YouTube = So What? Contrary to popular belief, putting the finished film online is, in fact, NOT “the least you can do.” The least you can do, is hand a DVD copy of the finished film to each and every cast and crewmember during the film’s cast and crew screening that you hold at an actual theater. If you’re really low budget, at least make your video available for download on a site like vimeo.

Giving your cast & crew a copy of the finished film is an absolute minimum requirement on no-budget indies, so you should really make sure to do this.

Appreciate Them. Never forget for an instant how much your cast and crew are donating to you. Some of them may be giving you the equivalent of over $500 a day. And that’s just the labor, it’s thousands of dollars more in equipment rentals that the crew is likely donating as well. It just blows my mind that filmmakers are so generous in this town. Be sure to personally thank your cast and crew. Look them in the eyes and say thank you. If they are awesome, sing their praises and tell other people how awesome they are. Do everything you can to help them get paying work.

If you’ve built a good reputation for yourself, people will listen to you and hire those people based on your recommendation. And, more importantly, people will want to work with you again.

The Most You Can Do.

“Wow,” you’re saying, “I sure have to do a lot to do ‘the least.’ What could possibly be the most I could do?” That’s easy: pay your fucking crew. In addition to doing the least for them, of course.

 

Robyn Scaringi is a Seattle filmmaker specializing in editing support services. She holds a BA in English and Sociology from the UW and an AAS Degree in Film & Video Communications from Seattle Central Community College. And yes, she’s had producers do all the douchey things she’s mentioned in this article.

www.scaringifilms.com

14 Comments

  1. This really is the least you can do. And if you can’t do the least, don’t expect anyone to give you the most they can do.

  2. Brilliant read. I 100% agree with everything written here — I hope others will listen! We risk disenfranchising a whole generation of hard-working filmmakers and crews by not giving proper attention to planning, budgeting, execution. Even small indie features that find a modicum of financing still manage to mishandle that money and too many people I know have gotten screwed over needlessly. We require a filmmaker’s revolution in Seattle — connecting money with strong stories and strong creative professionals that will leave predatory “filmmakers” twisting in the wind. Thank you for putting these important words out there.

  3. Yes, yes, YES. Especially the part about IMDB credit. That kind of public recognition goes a lot further than vague promises of fortune and fame that, let’s face it, will probably never materialize.

  4. Great article! It’s sad some people have gotten so far out of touch there needs to be an article to spell out proper etiquette, but I’m glad you did it!

  5. Avi the Hitman

    Yep, sounds like a plan, now if we could just get people to enact these thoughts into mainstream action, we might end up with a comporable diverse film industry here in Seattle.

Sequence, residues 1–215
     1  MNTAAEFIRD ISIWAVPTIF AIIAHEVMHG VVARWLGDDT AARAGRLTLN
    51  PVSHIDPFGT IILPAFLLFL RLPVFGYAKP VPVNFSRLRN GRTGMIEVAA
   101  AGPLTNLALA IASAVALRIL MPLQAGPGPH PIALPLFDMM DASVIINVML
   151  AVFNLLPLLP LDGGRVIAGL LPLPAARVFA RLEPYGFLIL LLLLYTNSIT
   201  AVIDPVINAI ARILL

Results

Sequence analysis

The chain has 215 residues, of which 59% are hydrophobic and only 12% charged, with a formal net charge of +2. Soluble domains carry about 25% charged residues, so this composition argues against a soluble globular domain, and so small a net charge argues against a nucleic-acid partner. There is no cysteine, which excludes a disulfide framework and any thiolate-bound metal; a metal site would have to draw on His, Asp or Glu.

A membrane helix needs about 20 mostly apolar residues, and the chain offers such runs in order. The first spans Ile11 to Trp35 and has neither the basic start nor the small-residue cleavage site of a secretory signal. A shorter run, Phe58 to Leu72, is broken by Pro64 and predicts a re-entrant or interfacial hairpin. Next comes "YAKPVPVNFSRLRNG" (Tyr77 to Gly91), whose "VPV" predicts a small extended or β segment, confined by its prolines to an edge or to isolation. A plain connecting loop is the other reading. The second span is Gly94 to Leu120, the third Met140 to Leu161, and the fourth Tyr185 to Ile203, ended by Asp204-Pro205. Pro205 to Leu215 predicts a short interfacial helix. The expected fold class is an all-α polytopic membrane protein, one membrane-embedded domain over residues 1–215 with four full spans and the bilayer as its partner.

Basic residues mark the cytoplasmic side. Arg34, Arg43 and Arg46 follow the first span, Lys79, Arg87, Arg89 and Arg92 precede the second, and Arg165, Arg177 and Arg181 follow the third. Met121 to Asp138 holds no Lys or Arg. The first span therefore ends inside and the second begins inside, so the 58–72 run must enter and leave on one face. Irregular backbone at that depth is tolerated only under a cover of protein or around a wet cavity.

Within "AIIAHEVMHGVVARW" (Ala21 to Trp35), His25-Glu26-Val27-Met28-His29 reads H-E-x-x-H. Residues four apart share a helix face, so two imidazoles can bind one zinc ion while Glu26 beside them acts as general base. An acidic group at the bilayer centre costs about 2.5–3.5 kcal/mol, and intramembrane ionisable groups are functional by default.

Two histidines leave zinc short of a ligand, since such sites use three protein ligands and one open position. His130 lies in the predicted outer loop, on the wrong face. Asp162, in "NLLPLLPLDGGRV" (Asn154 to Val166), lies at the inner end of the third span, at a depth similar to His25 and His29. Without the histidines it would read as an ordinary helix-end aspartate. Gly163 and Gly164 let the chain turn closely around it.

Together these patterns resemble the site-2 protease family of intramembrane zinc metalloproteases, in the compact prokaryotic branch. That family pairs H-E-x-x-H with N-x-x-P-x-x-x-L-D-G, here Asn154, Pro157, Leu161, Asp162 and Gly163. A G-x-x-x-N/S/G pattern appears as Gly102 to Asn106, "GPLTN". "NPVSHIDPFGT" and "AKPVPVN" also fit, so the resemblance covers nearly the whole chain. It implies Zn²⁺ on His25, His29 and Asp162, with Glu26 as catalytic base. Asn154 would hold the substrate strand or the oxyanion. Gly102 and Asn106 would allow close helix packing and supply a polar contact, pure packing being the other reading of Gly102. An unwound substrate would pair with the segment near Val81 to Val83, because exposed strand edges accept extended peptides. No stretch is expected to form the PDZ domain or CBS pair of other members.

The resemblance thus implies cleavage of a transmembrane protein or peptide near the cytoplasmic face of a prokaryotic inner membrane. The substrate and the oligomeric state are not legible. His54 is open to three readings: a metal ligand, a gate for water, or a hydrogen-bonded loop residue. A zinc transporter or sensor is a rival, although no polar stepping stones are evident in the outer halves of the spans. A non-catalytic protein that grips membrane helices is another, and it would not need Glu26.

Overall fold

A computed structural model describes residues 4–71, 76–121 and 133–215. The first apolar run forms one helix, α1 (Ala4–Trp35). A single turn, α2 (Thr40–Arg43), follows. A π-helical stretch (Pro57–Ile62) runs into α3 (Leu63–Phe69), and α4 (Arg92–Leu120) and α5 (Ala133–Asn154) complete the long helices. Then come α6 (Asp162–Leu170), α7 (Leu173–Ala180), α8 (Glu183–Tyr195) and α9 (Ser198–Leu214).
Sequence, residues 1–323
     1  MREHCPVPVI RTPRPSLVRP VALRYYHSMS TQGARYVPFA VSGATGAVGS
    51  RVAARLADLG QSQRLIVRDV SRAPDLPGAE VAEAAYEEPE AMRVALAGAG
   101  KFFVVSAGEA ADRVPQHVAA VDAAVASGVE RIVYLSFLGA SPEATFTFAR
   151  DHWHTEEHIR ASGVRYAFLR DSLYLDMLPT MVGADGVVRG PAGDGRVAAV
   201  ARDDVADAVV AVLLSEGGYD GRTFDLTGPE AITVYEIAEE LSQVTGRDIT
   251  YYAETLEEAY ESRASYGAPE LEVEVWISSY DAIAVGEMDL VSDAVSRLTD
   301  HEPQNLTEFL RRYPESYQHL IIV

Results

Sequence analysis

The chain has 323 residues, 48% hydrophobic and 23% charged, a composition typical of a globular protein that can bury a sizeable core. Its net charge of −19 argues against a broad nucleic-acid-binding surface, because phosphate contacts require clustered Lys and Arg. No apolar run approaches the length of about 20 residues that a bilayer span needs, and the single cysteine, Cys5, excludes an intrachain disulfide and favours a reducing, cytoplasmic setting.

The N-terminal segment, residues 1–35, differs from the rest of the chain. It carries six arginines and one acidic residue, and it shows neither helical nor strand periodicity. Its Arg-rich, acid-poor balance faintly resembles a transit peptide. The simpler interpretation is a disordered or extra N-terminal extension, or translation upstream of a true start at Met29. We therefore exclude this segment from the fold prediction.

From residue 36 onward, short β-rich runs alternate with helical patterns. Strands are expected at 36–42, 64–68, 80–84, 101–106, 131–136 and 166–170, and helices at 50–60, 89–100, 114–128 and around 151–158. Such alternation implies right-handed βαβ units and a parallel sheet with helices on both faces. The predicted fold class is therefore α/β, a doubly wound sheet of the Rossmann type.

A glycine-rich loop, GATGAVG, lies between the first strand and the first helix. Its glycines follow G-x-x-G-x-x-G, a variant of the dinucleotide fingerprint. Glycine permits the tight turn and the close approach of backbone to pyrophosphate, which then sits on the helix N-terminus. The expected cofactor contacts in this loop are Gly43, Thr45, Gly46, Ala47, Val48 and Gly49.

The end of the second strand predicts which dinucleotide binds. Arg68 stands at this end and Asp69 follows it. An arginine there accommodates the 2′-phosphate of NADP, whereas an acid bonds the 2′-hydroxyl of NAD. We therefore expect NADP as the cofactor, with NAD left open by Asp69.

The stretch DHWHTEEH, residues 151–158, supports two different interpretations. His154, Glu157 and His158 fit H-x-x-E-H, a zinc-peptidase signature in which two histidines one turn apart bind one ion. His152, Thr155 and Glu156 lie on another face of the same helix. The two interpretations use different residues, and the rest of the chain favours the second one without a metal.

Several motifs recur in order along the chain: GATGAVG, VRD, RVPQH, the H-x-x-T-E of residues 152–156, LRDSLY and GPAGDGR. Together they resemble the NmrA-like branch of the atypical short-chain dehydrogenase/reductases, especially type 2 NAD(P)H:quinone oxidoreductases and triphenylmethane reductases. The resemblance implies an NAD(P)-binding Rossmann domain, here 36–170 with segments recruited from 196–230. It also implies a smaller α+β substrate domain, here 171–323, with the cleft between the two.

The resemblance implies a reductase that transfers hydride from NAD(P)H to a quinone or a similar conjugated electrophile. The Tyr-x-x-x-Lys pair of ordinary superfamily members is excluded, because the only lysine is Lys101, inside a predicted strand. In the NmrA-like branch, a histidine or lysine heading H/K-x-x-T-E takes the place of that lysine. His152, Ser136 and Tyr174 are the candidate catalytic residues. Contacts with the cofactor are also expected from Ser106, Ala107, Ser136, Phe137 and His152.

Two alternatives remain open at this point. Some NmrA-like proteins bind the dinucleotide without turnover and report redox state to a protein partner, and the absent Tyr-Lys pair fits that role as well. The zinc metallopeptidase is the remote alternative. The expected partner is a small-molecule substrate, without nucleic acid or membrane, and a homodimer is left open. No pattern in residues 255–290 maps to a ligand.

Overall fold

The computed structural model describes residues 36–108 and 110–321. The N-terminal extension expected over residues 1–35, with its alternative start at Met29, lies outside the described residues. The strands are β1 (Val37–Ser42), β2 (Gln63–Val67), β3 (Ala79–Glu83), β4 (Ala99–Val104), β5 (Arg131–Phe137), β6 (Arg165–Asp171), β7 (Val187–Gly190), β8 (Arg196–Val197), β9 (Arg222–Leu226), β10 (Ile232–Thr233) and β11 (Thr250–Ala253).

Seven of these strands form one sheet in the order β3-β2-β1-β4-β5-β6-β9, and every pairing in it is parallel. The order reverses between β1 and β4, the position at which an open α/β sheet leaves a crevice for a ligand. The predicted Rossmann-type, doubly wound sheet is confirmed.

6. I’ve been on both sides of this equation and I’d say, independent producers need to be the hardest working people on set–Unless they’re paying their crews the going rate. As a crew member, it’s hard to complain when you see the producer scrubbing down the honey bucket at the end of a long shoot day while everyone else is packing up to head home.

  7. Anyone trying to launch/maintaing an independent (read: lower-than-it-should-be-budget) film project needs to remember one important fact:

    The world owes us nothing.

    From that, genuine gratefulness with flow organically to everyone who hops aboard our crazy train, and all of Robyn’s completely legitimate criticisms should naturally disappear.

    We need to sincerely care about — and be sincerely humbled by — our fantastic, generous, hardworking casts and crews.

    If nothing else, the resulting guilt and awe will force us to make better meals. And hopefully ensure their paychecks don’t bounce. :-)

  8. As a sidebar, take the time to become a SAG-AFTRA signatory for your Actors. If a Student filmmaker can do it (and they do), then so can you.

    And think about everyone you are feeding meals to. Everybody can eat vegan food. Only some of your cast/crew can eat non-vegan food.

  9. Maria Gargiulo

    What Robyn does not mention, but what gives her both the right & the expertise to speak out on this issue, is that she has also functioned as a producer. While producing films at SCCC, I know she always tried to do right by her crews. So she’s not just coming at this as a dedicated crew person. She’s worn both hats quite well.

  10. Pingback: More than the Least You Can Do « Smiling Z Studios

  11. Good advice all around. I never think about the IMDB thing but you’re absolutely right. The part about having the crew piss in the woods killed me. And to think that producers wouldn’t feed a crew! Oh man is that No Bueno. Great arc to the article, like Avi’s article on rules to obey as a green crewmember, this is a really good summarization and reminder for indie filmmakers- rules to live by. And, like some other articles on this terrific site, it has a pessimistic tone but it’s really at heart positive because the goal is improvement and more harmonious work environment. Bravo, high five and two thumbs up!

  12. gosh darn you’re funny. and spot on too. but ‘douche bag’? not so sure.

  13. Good for you. Don’t let them rain on your parade!!

  14. Shawn Anderson

    Awesome. Robyn Rocks!